Old School

The Old Albuquerque High School campus is revived as a live/work/play community
August 11, 2010

Following tangled legal disputes and competing development proposals that led to 25 years of neglect, the Old Albuquerque High School (AHS) campus has been revitalized to include 69 loft apartments, two community meeting rooms, parking, and the promise of a whole lot more.

Rob Dickson and his company Paradigm & Co., formerly of Austin, Texas, have brought vitality back to the extra-wide hallways of Old AHS.

"Rob came into my office in 1989 and said he had a vision for redeveloping Old Albuquerque High School into a live/work downtown housing project," says project architect Dale Dekker, principal with Dekker/Perich/Sabatini, Albuquerque. "I said, 'Boy, this guy better be patient because it's going to take a long time.' And it did."

The city of Albuquerque obtained six of the seven campus buildings in 1996 for $1.5 million as a result of a legal transaction involving a condemnation lawsuit with the FDIC and 1954 AHS-grad Ricardo Chaves, whose family wanted to buy the property. The city put out a request for proposals in 1998 to revitalize the buildings. FarrMont Realty Group of Phoenix gained support for its proposal, which included an art and cultural center, a city library, and a YMCA. But, FarrMont got edged out by Paradigm & Co., whose plan to renovate the Old Main and Classroom buildings into lofts was accepted in 1999.

"Rob has the perspective that every hurdle is just another opportunity to excel," says Dekker. "It really requires someone who has a passion for preserving the historic fabric and character of a community, who can see beyond all the broken windows and vandalized exterior walls and see the jewel of an opportunity. That's Rob."

Once the plan was accepted, the challenge became putting the financing together, which took Dickson a year and a half.

"Part of it was just getting enough information to put the financing together," Dickson says. "We had to complete some of the design work and price the project. It took six to nine months just to do that. The last few months were spent really nailing down the money."

The funding for the $6.4 million Lofts at Albuquerque High was assembled with the help of private investors Fannie Mae and First State Bank, along with the $4.9 million in funds from the city and the U.S. Department of Commerce for a parking garage and land- and streetscape improvements. The project received $1.3 million in tax credits from the Federal government's Historic Rehabilitation Tax Credit Program.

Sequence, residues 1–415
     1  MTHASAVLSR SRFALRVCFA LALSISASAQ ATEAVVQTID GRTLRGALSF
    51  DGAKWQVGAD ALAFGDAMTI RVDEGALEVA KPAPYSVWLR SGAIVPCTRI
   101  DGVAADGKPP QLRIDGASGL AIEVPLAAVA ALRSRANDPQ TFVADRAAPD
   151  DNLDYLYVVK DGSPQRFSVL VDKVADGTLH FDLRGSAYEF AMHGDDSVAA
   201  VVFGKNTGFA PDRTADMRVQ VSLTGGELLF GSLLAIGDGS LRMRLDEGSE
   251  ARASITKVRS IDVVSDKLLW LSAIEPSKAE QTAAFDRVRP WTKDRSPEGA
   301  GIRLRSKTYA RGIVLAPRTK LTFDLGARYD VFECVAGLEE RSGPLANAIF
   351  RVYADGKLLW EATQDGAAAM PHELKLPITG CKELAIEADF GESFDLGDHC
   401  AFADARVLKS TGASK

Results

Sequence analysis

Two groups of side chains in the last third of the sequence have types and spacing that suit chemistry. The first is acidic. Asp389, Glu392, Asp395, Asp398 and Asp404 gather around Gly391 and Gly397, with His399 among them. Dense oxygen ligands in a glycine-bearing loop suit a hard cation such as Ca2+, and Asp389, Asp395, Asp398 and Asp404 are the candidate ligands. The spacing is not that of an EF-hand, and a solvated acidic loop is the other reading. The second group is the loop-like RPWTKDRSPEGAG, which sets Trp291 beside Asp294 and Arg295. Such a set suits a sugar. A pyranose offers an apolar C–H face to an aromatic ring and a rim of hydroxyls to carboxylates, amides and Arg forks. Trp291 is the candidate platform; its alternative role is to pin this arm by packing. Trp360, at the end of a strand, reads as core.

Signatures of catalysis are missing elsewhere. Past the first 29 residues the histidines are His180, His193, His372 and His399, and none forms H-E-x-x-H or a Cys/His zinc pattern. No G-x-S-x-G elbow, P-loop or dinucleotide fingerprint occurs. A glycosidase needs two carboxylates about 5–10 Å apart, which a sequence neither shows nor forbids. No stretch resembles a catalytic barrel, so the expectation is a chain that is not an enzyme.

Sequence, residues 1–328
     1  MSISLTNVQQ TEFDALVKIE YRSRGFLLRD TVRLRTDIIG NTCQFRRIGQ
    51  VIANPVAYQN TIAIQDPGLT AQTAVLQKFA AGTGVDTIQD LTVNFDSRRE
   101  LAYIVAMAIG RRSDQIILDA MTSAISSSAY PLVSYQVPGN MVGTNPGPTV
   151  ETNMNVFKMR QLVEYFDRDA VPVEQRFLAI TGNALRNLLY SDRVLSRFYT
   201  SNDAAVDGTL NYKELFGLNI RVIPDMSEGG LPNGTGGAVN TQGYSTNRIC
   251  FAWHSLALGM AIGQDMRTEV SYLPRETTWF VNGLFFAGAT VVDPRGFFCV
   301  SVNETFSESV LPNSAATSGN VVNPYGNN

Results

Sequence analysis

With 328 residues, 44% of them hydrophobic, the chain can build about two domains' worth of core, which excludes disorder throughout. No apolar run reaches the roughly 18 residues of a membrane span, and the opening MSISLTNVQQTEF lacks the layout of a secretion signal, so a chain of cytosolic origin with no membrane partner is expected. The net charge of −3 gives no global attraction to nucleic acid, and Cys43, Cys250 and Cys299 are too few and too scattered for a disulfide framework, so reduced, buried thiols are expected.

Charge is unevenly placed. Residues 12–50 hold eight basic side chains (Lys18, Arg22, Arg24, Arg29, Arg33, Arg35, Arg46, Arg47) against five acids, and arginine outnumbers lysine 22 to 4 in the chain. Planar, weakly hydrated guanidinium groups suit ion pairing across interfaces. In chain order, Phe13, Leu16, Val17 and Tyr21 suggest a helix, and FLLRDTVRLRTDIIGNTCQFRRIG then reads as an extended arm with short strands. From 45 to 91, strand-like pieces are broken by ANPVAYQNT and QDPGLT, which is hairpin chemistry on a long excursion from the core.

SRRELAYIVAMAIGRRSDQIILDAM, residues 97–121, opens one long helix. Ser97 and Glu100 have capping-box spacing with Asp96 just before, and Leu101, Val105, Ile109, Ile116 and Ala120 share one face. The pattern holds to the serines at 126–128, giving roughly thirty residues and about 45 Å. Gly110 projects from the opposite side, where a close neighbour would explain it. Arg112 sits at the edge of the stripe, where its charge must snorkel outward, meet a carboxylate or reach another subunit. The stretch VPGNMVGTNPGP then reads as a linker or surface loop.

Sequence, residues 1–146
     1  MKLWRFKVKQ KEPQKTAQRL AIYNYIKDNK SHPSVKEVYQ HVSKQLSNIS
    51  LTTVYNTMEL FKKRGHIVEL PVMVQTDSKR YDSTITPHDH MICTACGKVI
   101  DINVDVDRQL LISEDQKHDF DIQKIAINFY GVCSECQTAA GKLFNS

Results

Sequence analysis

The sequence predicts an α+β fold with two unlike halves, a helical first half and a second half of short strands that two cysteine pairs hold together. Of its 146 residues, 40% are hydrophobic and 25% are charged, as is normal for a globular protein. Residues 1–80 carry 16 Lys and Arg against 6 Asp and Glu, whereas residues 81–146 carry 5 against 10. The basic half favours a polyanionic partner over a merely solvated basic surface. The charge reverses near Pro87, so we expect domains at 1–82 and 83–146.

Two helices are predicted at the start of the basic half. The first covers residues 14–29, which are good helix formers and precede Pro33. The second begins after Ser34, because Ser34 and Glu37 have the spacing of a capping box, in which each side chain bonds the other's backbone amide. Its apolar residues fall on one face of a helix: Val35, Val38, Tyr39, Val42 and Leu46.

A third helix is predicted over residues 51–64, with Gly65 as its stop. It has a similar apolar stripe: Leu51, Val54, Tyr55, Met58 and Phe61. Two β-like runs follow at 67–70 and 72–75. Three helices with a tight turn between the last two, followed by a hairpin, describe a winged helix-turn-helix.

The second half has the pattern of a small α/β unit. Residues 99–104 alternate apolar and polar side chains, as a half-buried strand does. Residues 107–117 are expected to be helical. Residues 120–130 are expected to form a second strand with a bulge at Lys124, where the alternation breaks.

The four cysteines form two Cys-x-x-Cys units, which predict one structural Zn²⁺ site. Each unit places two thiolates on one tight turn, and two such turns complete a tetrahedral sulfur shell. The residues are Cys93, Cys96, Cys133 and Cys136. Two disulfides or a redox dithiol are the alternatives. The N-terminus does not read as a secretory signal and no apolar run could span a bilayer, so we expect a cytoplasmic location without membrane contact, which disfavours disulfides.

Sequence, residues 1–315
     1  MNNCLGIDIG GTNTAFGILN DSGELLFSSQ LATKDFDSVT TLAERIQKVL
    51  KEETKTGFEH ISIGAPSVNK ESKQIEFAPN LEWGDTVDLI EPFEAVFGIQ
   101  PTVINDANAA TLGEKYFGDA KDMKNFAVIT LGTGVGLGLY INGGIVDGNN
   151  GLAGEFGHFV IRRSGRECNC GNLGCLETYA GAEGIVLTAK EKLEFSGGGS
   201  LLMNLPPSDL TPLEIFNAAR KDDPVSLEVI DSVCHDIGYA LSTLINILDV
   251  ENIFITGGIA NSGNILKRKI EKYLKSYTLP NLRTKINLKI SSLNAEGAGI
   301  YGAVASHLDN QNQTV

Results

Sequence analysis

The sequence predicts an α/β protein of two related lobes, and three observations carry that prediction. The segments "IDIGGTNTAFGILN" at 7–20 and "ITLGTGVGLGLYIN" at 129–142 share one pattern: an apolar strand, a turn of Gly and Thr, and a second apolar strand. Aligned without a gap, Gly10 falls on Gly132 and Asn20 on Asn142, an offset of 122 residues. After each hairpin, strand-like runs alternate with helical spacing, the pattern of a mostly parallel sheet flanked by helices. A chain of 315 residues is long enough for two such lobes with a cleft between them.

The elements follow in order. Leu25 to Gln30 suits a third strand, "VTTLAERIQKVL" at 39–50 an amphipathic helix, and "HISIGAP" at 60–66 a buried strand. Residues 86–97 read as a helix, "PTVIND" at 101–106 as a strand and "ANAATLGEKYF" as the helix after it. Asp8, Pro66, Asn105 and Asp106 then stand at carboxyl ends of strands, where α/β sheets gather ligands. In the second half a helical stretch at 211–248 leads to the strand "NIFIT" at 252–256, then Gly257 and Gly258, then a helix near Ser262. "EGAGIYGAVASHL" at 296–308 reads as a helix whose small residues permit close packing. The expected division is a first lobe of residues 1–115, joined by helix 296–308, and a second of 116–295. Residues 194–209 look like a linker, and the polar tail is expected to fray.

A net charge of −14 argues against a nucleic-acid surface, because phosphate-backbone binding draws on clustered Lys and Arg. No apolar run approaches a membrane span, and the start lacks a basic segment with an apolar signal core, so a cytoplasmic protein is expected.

Under the rules of the tax credit program, Paradigm & Co. must retain ownership of the lofts for five years, after which Dickson can sell them as condominiums. Currently, the lofts rent anywhere from $500 to $1,300 a month, averaging $750.

Due to the high demand for Dickson to be on location in Albuquerque, he moved from Austin, Texas, into one of the lofts.

"It's really a great place to live," says Dickson. "I see firsthand the issues my fellow residents have to live with. That makes me a more-informed managing owner of the project. I try to put myself in their shoes and solve the problems before they happen."

Campus additions

Dickson will develop the library and gymnasium buildings as well.

The gym will be made into an additional 55 lofts that will be for sale immediately, as Dickson will not use the Historic Rehabilitation Tax Credit Program for that project. Dickson brought in local developer Rick Davis to convert the library building into office space.

Chaves, whose family trust retained ownership of the Manual Arts building, is currently developing it into a 10,000-sq.-ft. restaurant decorated with AHS memorabilia, approximately 15 apartments, and a renovated classroom where lectures will be given in Old AHS-style. He says that he has a special affinity to the Manual Arts building in particular.

"That's where I got my very first 'F,' so I have a real close relationship with that building," says Chaves. "I'm happy that I got one of the buildings. Nine out of my 10 siblings graduated from there. I have great memories of Albuquerque High School. It was the center of our lives growing up."

Due to the success of the Lofts at Albuquerque High, Dickson, local business owners, and residents have formed a neighborhood association to begin a community design process for the area to be developed in the next 20 years (see plan on p. 36). Along with a team of professionals, the group created a series of plans for the development of a quarter of a mile in all directions of the campus. They hope it will be accepted by the city and zoned accordingly. The plans call for new business, housing, retail, office, entertainment, and parking facilities in the area.

"This is an important step in sustaining our efforts," says Dickson. "We've still got a lot to do to create a district where you park once and walk to everything."

Construction Costs

General conditions $278,683
Building demolition 94,186
Misc. demolition & cleanup 144,163
Abatement 74,309
Framing & finish 409,367
Masonry 47,080
Misc. metals, concrete patch 165,223
Carpentry repairs, new trims 300,102
Roofing, ceiling insulation 99,725
Insulation, caulk, fire-stopping 33,022
Door repairs, entries, etc. 155,944
Windows trim, glass replace 454,803
Drywall ceilings, plaster repair 125,399
Concrete 65,096
Ceramic tile at tubs 32,868
Ceramic patch, polish concrete 11,802
Wood floor repair, refinish 57,800
Floor coverings 96,980
Mechanical 950,223
Electrical 431,648
Equipment, appliances 94,779
Elevators 85,952
Painting 135,022
Furnishings, blinds 37,531
Specialties 22,357
Bond 40,459
Change orders 38,307
City sales tax 273,375
Contractor's fee 221,396
Total $4,976,602